Pakistan blocks 800 web pages over 'blasphemy'

Pakistan has blocked 800 web pages and URLs to limit access to "blasphemous" material, extending a crackdown that has already banned access to Facebook and YouTube, an official said Saturday.

Pakistani Islamists shout slogans during a protest against Face Book in Karachi on May 21.

The Pakistan Telecommunications Authority (PTA) banned access to Facebook, YouTube and other links, which included restricted access to Wikipedia, in view of what it called "growing sacrilegious content" this week.

"At least 800 individual web pages and URLs have been blocked since the government's orders to shut Facebook and YouTube," Wahaj us Siraj, a spokesman for the Internet Service Providers Association of Pakistan told AFP.

Siraj's remarks came hours after the Facebook user who organised an "Everyone Draw Mohammed Day" competition to promote "freedom of expression" evidently took down the page along with a separate blog about the campaign.

The competition sparked angry protests in Pakistan, a conservative Muslim country of 170 million, although members of a well-educated, moderate elite expressed disappointment on the blanket ban on the wildly popular websites.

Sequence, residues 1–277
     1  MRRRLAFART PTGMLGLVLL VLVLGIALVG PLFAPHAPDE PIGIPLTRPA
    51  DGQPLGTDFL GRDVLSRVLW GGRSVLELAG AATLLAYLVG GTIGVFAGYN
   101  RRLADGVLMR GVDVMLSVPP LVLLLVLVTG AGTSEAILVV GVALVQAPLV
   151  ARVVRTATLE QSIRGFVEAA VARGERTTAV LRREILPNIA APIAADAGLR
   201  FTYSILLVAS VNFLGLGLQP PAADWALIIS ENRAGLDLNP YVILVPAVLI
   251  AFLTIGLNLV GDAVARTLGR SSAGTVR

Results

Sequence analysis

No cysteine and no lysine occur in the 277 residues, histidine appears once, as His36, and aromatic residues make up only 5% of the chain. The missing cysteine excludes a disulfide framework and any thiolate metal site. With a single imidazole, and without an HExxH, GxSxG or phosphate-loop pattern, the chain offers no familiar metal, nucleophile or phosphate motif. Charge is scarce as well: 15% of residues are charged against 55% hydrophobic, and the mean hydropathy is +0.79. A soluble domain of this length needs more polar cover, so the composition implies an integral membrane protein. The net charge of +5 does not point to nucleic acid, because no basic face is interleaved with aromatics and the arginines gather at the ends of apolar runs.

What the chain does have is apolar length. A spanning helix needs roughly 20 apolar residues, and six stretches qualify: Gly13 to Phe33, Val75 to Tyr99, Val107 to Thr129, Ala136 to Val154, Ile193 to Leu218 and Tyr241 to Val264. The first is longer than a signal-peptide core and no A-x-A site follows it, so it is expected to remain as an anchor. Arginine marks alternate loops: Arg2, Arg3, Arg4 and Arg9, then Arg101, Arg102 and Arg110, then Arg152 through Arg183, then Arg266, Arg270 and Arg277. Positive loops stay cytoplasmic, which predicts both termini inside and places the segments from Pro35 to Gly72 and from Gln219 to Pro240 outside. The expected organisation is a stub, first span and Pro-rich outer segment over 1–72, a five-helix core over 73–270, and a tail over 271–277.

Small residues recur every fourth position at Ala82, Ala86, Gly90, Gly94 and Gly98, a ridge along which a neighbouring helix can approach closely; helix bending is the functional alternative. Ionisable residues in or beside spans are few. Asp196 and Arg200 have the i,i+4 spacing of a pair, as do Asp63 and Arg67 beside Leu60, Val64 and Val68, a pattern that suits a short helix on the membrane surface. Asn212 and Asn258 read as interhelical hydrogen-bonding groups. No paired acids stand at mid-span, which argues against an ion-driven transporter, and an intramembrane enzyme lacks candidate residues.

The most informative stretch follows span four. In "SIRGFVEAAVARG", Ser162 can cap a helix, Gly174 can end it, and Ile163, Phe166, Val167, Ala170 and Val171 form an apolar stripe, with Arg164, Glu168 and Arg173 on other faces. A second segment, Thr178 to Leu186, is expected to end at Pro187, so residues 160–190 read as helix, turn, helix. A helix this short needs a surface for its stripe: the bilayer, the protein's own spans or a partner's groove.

Islam strictly prohibits the depiction of any prophet as blasphemous and Muslims all over the world staged angry protests over the publication of satirical cartoons of the Prophet Mohammed in European newspapers in 2006.

Siraj said that any decision to restore Facebook and YouTube access would be taken by the PTA.

The offending Facebook page attracted 105,000 fans -- and five pages of crude manipulated pictures and caricatures. Pages denouncing the competition and calling for a boycott of the May 20 competition attracted far more fans.

PTA spokesman Khurram Mehran told AFP on Saturday that the authority would lift the ban only after receiving instructions from the government.

"We are just an implementing authority and we have to act on the orders from the government," Mehran said.

Pakistan also briefly banned YouTube in February 2008 in a similar protest against "blasphemous" cartoons of the Prophet Mohammed.

Source: AFP

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